Cancer is a multistep disease that is characterized by continuous and excessive cell division. Globally, it is the second leading cause of death [16, 17]. Cancer is caused by genetic mutations and epigenetic alterations. During the initial stages of cancer development, normal cells undergo transformation toward a neoplastic state, acquiring new capabilities such as unlimited replicative potential, resistance to cell death, and stimulation of angiogenesis. Biogenesis refers to the process by which normal cells become cancerous [18]. This article will explore the various aspects of tumorigenesis, including the cancer cell-of-origin hypothesis, the interplay between genetics, epigenetics, and environmental factors, and the role of stem cells in tumorigenesis.

Overview of tumorigenesis

During the past 20 years, we have gained a great deal of knowledge about how various cancers develop at the molecular and cellular levels [19]. Variability in response to anti-cancer drugs among cancer patients can be elucidated by genetic molecular features such as mutations and copy number changes, and DNA methylation [20]. In addition to improving our understanding of this process, identifying genes and pathways involved will also help us to develop new therapeutic targets [21]. In cancer, chromosomal changes and genes are disrupted through genomic approaches. It is recognized that tumorigenesis is a complex process that involves progressive transformations triggered by multiple factors and it is regulated by both oncogenes and tumor suppressor genes. Several growth-promoting and growth-restricting mechanisms regulate the cell cycle which is crucial for proper division and propagation. A disruption of this regulation may lead to uncontrolled proliferation and genomic instability, which may trigger the development of cancer [22]. Activation of oncogenes leads to tumorigenesis, which controls cell proliferation and apoptosis. They can be activated by structural alterations resulting from mutation or gene fusion. Additionally, tumor suppressor genes (TSG) encode proteins that regulate cell proliferation negatively. They have included in two classes: the “caretakers” of the genome (or Type I), which are DNA repair genes that protect the genome from mutations (XPB, MSH2, etc.), and the gatekeepers (or Type II), which avert cancer through direct control of cell growth (p53, p16, etc.).The inactivation of tumor suppressor genes by loss or mutation is a vital step for the development of tumors [23]. Besides genetic alterations, epigenetic mechanisms contribute to the development of malignant phenotypes, according to growing evidence [24]. The study of epigenetics, which is dynamic and susceptible to environmental factors, is concerned with mechanisms that change gene expression without altering the primary DNA sequence. Epigenetic processes are heritable and reversible and consist of changes in DNA methylation, histone modifications, small noncoding microRNAs (miRNA), and nucleosome remodeling [25]. The alteration of cellular methylation status by a specific methyltransferase might explain the differences in the probability of malignant transformation [26]. Tumor cells in different tissue with a wide range of patterns of histone modification, genome-wide or in individual genes, demonstrate the presence of epigenetic heterogeneity at a cellular level [27]. The combined action of multiple epigenetic factors results in tumorigenesis. For example, the repression of tumor suppressor genes is caused by the methylation of DNA CpG islands with hypoacetylated and hypermethylated histones [28]. Several hallmarks of epigenetic events have been identified during gene silencing, including histone H3 and H4 hypoacetylation, histone H3K9 methylation, and cytosine methylation [29].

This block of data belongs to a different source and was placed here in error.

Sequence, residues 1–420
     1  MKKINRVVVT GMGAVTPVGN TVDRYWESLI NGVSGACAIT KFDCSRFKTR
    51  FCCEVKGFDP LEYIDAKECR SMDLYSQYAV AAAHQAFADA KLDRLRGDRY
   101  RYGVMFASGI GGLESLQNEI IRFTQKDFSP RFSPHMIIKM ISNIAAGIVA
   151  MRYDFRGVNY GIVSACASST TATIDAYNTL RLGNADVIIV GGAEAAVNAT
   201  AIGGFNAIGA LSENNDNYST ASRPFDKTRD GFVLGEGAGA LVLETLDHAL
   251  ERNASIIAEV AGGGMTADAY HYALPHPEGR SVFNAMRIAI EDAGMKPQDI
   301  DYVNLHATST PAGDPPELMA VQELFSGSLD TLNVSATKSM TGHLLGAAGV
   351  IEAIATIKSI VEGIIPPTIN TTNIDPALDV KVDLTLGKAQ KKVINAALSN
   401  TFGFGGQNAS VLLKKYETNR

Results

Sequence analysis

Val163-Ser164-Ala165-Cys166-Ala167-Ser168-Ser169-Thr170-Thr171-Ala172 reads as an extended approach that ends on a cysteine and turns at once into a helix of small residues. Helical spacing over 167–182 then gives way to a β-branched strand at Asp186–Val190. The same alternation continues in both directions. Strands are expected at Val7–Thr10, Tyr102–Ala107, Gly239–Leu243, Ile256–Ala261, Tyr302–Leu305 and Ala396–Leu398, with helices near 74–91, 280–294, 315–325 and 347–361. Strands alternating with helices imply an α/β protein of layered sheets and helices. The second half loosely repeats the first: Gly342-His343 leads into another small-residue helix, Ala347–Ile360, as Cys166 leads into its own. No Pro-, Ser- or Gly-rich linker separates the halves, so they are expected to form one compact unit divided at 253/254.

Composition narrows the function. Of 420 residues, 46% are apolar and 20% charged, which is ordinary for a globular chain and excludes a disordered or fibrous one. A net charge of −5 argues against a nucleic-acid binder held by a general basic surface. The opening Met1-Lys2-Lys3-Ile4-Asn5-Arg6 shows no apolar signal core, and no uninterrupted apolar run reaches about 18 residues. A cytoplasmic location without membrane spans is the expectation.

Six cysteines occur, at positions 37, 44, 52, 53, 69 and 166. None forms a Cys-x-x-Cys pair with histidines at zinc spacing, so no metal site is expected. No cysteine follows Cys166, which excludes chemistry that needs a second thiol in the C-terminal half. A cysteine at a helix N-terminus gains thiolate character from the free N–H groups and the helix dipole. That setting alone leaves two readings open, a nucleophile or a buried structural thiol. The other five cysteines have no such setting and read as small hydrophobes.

Overview of the cancer cell-of-origin hypothesis